CanSAR was developed by The Institute of Cancer Research, London, with funding from Cancer Research UK, allowing researchers to carry out 'virtual experiments' to quickly prioritise which are the best targets for drug discovery.
While world-wide initiatives in cancer genomics are generating unprecedented volumes of cancer data, the translation of these genome data to drugs has been a slow and increasingly daunting process. This is mainly due to the amounts of information from different disciplines that need to be collated and examined to form this bridge between genome data and drug prototypes.
In response to this challenge, Dr Bissan Al-Lazikani and her team have created CanSAR – a cancer knowledgebase that integrates vast amounts complex data from patients, clinical trials and genetic, biochemical and pharmacological research. CanSAR scans these data and uses artificial intelligence, like that used in weather forecasts, to predict which potential drugs are likely to work in which circumstances.
Demonstrating the remarkable potential of CanSAR, the team analysed the Sanger Institute's existing list of 479 cancer genes. They found 46 potential protein targets that had until now been ignored despite their known biological relevance to cancer. These results show that, using this approach, we can find targets for cancer drugs in a smarter and faster way than ever before, paving the way for research into promising new drug targets that until recently may have been overlooked because of a lack of information. The analysis was carried out using the prototype of CanSAR, and a new version of the knowledgebase was launched in November this year. The new version now contains more than one billion experimentally derived measurements, nearly one million biologically active chemical compounds and data from over a thousand cancer cell lines. It also contains drug target information from the human genome and model organisms.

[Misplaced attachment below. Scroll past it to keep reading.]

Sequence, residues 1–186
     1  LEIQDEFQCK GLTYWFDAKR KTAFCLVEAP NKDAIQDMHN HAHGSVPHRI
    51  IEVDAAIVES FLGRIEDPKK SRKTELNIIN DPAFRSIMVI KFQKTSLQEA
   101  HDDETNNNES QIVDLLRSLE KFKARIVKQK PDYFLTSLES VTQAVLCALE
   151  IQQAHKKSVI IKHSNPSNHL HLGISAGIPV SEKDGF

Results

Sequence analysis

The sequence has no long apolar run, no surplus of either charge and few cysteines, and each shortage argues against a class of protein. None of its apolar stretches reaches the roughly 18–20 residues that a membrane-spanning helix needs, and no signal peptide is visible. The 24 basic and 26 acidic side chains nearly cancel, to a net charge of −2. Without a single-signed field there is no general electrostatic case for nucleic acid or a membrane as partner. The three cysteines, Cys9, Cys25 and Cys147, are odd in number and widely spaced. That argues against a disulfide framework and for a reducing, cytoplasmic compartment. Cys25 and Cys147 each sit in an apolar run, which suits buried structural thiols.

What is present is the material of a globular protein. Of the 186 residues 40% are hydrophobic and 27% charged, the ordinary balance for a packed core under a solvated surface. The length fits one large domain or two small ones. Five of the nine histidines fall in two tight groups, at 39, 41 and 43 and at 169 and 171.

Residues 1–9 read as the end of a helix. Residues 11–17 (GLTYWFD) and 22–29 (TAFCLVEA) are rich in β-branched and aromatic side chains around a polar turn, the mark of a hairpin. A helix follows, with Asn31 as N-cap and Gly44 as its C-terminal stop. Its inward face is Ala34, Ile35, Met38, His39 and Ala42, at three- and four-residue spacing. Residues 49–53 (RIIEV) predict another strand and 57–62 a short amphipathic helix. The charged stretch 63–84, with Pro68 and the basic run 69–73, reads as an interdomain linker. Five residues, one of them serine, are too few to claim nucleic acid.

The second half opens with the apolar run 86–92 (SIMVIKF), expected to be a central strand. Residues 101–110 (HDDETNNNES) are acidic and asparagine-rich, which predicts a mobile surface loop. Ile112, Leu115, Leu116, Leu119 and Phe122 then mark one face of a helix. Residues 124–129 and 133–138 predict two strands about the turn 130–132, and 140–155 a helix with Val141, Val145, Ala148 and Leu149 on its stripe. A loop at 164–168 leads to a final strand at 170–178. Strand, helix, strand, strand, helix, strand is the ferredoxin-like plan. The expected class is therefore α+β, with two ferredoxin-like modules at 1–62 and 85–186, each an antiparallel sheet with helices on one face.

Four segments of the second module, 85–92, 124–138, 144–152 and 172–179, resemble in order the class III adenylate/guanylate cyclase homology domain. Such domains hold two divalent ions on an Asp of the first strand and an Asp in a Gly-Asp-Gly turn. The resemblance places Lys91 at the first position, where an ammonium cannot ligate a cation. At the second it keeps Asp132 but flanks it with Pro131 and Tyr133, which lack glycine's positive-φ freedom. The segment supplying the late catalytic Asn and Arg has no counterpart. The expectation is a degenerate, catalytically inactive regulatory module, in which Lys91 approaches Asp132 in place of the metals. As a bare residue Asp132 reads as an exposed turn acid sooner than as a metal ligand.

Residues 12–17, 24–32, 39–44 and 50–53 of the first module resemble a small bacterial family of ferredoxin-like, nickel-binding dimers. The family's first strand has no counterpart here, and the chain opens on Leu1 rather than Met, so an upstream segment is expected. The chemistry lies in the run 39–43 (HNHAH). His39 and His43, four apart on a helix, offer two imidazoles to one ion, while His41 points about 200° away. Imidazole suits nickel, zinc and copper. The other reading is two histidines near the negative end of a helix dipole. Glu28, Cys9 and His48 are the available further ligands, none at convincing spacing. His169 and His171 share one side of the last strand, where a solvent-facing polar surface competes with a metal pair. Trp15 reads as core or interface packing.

The clues needed to tackle cancer are hidden in data like this and by making it freely available to scientists across the globe, researchers can collaborate and make breakthroughs sooner. By selecting the very best targets that are most likely to lead to successful drugs, the success rate in the clinic increases. Not only will this speed up drug discovery and operate at a lower cost compared with traditional routes, but it will enhance innovation – shifting the focus away from tried and tested drug targets while managing the inevitable risk associated with moving into new and exciting areas. Both patients and the pharmaceutical industry will benefit tremendously from these advances.
Patel, MN., Halling-Brown, MD., Tym, JE., Workman, P. & Al-Lazikani, B. (2013) Objective assessment of cancer genes for drug discovery. Nat Rev Drug Discov, Vol.12(1), pp.35-50 doi:10.1038/nrd3913